Is one software enough?

Hi, I'm a student, who recently finished corses of CAD and I know two softwares: Solidworks and Creo Parametric. I want to start working as a beginner and my question is :

Is one software enough for the beginner?

Although I know two softwares, the research shows that specialists of CAD mainly use Solidworks, CATIA, AutoCAD and Autodesk Inventor.

So now I want to work mainly with Solidworks, and later to learn Inventor for becoming more professional, is this approach right?

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5 Answers

You learned to drive a car, so it doesn't matter which car you are going to drive. So as long as your foundation in engineering drawing, machine drawing & CAD are good. It's easy for you to adapt to any CAD tool.

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It depends on the work you are doing, and for whom you do it.
Some design work can be completed in any program, so knowing it well will be enough. Knowing two (or more) CAD programs does not make someone more professional than a single CAD program user. Ultimately, you'll need to know the program(s) you use, and no more.
Other times, you may be working for a company that uses a certain program, then you'd need to learn it.
Other times, you may do work for a client who requires the CAD data in a certain program, so you'd either learn that program, or pass on the job.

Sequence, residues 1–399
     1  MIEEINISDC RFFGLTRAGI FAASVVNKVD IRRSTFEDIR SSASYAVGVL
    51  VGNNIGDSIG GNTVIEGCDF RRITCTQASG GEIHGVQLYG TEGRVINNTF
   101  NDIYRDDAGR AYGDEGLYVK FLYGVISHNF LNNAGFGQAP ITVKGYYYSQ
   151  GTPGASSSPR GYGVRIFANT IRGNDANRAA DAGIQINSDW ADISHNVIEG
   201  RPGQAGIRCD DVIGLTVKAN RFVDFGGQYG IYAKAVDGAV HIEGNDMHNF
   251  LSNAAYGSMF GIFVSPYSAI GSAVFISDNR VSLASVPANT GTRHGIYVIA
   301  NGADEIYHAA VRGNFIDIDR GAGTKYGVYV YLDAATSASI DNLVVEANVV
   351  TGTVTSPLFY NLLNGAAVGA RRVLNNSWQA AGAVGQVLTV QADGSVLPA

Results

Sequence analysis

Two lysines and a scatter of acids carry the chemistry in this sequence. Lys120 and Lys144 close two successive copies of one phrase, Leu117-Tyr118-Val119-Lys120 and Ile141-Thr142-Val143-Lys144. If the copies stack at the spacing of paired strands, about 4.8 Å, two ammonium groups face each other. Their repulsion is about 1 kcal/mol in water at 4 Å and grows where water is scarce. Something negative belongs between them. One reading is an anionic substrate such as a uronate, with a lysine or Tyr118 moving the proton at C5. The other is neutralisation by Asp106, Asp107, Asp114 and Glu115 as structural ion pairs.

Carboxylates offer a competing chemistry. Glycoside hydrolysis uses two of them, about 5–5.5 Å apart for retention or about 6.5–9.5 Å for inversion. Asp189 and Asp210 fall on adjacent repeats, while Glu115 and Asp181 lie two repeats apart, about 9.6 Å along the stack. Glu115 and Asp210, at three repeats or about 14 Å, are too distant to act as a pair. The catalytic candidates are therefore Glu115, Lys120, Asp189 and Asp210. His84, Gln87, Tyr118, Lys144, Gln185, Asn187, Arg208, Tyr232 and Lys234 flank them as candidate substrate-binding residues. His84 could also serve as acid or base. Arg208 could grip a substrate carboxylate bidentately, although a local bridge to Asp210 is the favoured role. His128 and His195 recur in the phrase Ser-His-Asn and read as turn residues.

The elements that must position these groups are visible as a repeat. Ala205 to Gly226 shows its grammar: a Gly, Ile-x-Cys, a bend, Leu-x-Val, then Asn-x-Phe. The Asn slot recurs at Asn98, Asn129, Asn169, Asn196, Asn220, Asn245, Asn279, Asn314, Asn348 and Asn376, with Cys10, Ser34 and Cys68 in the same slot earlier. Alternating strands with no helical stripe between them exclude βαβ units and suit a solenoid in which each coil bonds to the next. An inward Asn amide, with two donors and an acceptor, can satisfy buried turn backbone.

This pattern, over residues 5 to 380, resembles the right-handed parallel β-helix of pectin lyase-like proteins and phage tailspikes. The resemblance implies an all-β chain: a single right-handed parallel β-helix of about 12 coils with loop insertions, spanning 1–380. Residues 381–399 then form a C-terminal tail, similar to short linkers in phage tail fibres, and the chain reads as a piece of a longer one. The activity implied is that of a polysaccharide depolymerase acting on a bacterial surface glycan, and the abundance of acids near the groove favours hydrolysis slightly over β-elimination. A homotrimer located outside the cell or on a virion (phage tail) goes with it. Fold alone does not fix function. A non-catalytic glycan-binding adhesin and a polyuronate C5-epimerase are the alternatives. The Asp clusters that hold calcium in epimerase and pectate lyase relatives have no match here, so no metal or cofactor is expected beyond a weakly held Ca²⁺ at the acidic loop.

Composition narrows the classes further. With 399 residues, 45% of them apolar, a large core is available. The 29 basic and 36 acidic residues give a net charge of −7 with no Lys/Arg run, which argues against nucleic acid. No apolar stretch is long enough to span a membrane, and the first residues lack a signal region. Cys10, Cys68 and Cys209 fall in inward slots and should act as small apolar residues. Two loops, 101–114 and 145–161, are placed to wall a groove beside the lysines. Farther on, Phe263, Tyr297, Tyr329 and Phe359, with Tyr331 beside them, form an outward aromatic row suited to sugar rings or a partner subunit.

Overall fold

I think you'd be best to focus on a program and be great at it. I don't think there is much benefit to trying to learn several programs which all do essentially the same task, but I guess it depends on the field.
A good option might be to learn different programs that can accomplish a broader range of projects.
One CAD system (i.e. SolidWorks)
One CAM system (i.e. SurfCAM) if you'll be working with CNC equipment
One sculpting program (i.e. Zbrush) if you'll need to make organic shapes
One rendering program (i.e. Keyshot) if you'll need to generate realistic images for clients or marketing people.
One photo editing program (i.e. Photoshop) to help with renderings, and concept art.
Just my opinion though, hopefully others will suggest some other options.

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But CSWP(SolidWorks) and ACP(Inventor) certifications does help boost your resume.

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It depends on what types of work are you doing. there are several software which are best for different types of work. but if are expert in one software and know the pros and cons of this software then one software is enough. you can easily switch to other software when needed.

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Learn the "concept", not just the application, so concept is "Parametric Modeling", which is also called History Based Modeling or Feature based modeling, Also completely understand what is DESIGN you have good understanding of all above concept u can easily learn any CAD software..

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